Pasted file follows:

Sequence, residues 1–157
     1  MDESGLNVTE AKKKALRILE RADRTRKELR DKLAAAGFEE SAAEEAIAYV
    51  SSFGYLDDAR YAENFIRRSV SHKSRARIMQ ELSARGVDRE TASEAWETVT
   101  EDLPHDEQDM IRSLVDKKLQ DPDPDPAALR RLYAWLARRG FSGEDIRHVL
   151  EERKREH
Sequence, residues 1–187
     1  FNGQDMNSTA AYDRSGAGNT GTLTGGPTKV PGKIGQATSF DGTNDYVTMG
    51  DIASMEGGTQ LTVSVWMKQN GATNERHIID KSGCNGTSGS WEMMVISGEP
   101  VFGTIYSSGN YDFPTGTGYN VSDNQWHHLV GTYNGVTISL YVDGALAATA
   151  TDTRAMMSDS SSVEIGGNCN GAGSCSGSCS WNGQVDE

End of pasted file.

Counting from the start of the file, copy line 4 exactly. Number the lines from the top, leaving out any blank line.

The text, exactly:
   101  EDLPHDEQDM IRSLVDKKLQ DPDPDPAALR RLYAWLARRG FSGEDIRHVL